December 23, 2009

The holidays can mean a lot of traveling. And in this economy, for a lot of us, that means road trip. But now, that doesn’t necessarily mean every meal consists of Big Macs and Stuckey rolls. Believe it or not, you can eat healthy even when you spend the day in the family truckster thanks to a brilliant tool – the EatWellGuide trip planner (

It’s so easy.

You plug in where you’re starting and where you’re headed, hit enter and the trip planner shows not only your route, but also where you can find local, sustainable, organic food along the way.

So skip the blue plate at the Flying J, and pick up some food that’s good for everyone. Even Aunt Edna.

Check out

December 18, 2009

Here’s an easy stocking stuffer suggestion. Karen Berman’s Friday Night Bites, an adorable collection of recipes and crafts for the entire family.  My favorite? Dinner on the moon – Create a Phases of the Moon centerpiece while you prep Garlic Crescent Moon Rolls, Distant Star Salad, Green Cheese Tortellini Alfredo and for dessert, Moon Rock Chocolate Chip Biscotti. My daughter loves it and aside from my husband’s never-ending stream of “Houston, we have an appetizer” jokes, it’s good fun.

I also love the Dino Dinner – Make Fossil Breadsticks, Primordial Soup, Saber-toothed Salad, Quesadillasaurus and chocolate Dinoturtles with Elbones Fossils for a craft project. It’s a meal that would make Wilma Flintstone jealous.

Friday Night Bites has 20 themed menus including over 100 recipes for appetizers, main courses, pastas, salads, sides, desserts, and interactive and educational activities. Order it here…

Giving yourself holiday presence

December 17, 2009

The holidays are upon us and this is supposed to be the happiest time of the year – jolly, festive parties, quality time with your family, peace and love and goodwill and…

Wait a minute.

The last time I spent with my family wasn’t calming at all…it was, as my husband would say “exactly the opposite of calming.”

But quality time with the family is some times simply unavoidable. So how do you keep yourself sane?

Yes, a quick Xanax when nobody’s looking or a big fat martini when they are will tamp down the knife-in-your-head tension headache that starts as you pull into your Aunt Edna’s driveway and gird your loins for her annual “My, you’ve gained weight!” pronouncement.

But, believe it or not, those are not the healthiest of options. So let me make some pre-emptive suggestions. What you want to do is increase your production of serotonin. That’s the neurotransmitter that calms you down or at least gives you a rest from the voices in your brain screaming “Run! Leave! Take the rugelach with you!”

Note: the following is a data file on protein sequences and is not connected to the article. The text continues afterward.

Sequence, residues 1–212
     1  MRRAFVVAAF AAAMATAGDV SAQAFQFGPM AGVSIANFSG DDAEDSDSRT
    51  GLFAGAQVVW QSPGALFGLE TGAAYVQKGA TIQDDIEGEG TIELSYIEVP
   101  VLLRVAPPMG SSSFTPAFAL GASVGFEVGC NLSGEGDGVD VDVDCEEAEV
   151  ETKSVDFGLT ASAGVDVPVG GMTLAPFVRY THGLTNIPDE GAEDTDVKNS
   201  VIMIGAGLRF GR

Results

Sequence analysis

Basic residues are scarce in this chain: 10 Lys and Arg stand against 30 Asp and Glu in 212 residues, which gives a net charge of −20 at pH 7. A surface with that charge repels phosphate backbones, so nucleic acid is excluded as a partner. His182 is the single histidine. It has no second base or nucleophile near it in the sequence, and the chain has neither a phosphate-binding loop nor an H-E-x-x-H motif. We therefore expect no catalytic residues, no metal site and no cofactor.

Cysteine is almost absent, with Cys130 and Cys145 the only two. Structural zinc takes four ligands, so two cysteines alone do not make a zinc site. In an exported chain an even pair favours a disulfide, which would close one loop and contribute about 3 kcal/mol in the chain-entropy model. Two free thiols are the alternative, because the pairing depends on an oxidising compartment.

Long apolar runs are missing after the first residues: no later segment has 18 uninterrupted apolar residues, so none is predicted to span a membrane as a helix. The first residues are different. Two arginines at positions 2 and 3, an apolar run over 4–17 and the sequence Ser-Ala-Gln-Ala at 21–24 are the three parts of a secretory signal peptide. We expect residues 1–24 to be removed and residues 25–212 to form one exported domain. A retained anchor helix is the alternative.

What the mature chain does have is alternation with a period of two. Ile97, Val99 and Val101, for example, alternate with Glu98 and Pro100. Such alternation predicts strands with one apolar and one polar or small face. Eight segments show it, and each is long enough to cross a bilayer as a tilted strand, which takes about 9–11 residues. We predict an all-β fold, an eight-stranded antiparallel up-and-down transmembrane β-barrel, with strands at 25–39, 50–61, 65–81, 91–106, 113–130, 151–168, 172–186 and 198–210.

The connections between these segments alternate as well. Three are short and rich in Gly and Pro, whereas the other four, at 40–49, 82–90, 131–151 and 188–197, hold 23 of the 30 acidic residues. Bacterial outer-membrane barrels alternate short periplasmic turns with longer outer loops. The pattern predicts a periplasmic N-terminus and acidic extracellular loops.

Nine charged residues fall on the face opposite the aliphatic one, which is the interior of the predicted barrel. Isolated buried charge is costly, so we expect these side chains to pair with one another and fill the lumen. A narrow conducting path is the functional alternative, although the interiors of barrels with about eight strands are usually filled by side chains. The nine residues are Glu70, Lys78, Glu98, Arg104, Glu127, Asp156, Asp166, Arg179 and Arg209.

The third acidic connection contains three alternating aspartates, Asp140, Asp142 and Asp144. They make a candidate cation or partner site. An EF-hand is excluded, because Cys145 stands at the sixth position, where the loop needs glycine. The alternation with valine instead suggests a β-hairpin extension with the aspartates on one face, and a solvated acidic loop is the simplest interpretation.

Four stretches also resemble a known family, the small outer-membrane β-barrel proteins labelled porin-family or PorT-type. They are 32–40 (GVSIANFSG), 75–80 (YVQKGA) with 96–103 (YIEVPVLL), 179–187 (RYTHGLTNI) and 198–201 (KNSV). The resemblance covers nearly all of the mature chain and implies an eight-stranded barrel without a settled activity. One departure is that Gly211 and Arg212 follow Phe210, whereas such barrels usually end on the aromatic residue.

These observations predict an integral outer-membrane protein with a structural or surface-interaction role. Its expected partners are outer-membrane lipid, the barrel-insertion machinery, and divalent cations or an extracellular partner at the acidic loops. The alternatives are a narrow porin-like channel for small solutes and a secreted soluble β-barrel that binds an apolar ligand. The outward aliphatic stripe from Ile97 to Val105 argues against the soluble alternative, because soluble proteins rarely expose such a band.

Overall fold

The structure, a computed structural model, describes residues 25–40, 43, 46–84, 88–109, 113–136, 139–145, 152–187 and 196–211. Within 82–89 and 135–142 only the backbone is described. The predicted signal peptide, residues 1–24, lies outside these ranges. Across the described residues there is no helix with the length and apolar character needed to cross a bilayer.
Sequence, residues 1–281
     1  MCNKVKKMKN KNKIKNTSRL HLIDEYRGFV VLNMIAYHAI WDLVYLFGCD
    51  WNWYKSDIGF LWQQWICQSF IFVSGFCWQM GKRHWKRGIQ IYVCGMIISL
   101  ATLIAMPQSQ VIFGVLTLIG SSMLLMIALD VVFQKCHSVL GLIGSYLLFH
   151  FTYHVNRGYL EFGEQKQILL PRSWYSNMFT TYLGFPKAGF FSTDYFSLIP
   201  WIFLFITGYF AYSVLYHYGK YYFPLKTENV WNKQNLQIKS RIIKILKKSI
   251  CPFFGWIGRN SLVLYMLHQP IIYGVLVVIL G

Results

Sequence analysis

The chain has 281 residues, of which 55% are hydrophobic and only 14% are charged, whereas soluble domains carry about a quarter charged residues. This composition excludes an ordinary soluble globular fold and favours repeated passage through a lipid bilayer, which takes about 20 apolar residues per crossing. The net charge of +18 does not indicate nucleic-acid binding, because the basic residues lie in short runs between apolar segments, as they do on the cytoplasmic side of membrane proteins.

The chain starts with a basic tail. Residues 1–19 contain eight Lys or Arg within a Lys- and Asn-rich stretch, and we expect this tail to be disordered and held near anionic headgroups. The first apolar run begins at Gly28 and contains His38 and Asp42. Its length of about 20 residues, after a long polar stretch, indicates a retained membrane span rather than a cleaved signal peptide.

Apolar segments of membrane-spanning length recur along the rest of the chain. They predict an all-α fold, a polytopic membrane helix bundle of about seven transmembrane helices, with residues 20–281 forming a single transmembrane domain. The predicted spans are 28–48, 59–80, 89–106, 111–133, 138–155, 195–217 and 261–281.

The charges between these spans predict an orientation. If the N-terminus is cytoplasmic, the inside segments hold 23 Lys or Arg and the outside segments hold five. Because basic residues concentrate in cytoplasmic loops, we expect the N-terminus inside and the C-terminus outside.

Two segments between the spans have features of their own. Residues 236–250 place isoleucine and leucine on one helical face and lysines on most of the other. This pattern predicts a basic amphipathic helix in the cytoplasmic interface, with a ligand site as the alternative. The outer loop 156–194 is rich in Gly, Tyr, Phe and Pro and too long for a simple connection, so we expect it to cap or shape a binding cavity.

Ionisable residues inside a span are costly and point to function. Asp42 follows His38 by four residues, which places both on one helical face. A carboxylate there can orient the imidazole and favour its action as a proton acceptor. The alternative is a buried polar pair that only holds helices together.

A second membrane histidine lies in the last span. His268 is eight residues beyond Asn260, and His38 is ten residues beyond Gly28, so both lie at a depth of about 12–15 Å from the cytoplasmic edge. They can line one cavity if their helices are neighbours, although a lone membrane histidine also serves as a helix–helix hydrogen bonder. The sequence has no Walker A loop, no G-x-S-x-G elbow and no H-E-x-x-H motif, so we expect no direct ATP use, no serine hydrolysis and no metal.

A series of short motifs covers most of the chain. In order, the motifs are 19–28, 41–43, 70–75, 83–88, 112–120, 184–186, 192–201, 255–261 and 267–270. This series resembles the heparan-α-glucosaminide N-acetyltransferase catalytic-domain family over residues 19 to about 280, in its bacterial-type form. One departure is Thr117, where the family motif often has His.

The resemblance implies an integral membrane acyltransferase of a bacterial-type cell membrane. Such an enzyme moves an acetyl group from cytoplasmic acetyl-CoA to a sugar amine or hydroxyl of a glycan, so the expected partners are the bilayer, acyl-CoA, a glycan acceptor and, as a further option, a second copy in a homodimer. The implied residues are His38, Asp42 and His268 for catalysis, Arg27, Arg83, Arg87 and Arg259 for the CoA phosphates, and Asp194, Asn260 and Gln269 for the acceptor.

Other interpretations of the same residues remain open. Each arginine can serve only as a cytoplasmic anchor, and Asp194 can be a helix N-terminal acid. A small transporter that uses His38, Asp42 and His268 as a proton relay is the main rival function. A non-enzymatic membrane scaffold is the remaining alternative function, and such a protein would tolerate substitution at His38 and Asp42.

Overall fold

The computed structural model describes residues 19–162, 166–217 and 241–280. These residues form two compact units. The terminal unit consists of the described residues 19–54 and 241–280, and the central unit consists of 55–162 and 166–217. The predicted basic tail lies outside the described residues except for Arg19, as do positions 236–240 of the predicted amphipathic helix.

Try plums, pineapple, bananas or sour cherries for a serotonin boost. Proteins, like, wild fish and seafood, whey protein, eggs, beef and turkey can also increase the production of serotonin in your stress soaked brain.

And as an added bonus, remember that dark chocolate is a mood boosting snack, as are sweet potatoes and raisins thanks to their rich vitamin B6 content.

Besides eating calming foods, don’t forget to do some basic stress management – Take time out of your schedule to get a massage, facial, lap dance, whatever it is that floats your boat.

Be kind to yourself. You deserve it.

Well, if you insist…

December 16, 2009

As I’ve said many times before, I don’t believe in calorie counting.  I feel like it’s an outdated practice that we just can’t seem to let go of. Kind of like that jumpsuit with the huge shoulder pads still hanging in the back of my closet. Or my husband’s insistence on trying out for American Idol every season. Counting calories reminds me of days past when cottage cheese and rye crisps where all the diet rage. And I think we have evolved so much since then…Or have we?

Okay, just for fun, let’s say you want to know how many calories are in a large order of French fries or the amount of saturated fat in a Double R burger? (not that you would ever be eating that stuff, right?) Check out  Not only can you find out the calories of your favorite foods, but you can get all of their juicy nutrition facts too.

Find out the top ten fast foods that have the most saturated fats, the 88 most unhealthy foods you can eat, get guidelines on how to read food labels, and discover that girl scout cookies still contain trans fats (even though they made a big hoopla about getting rid of it).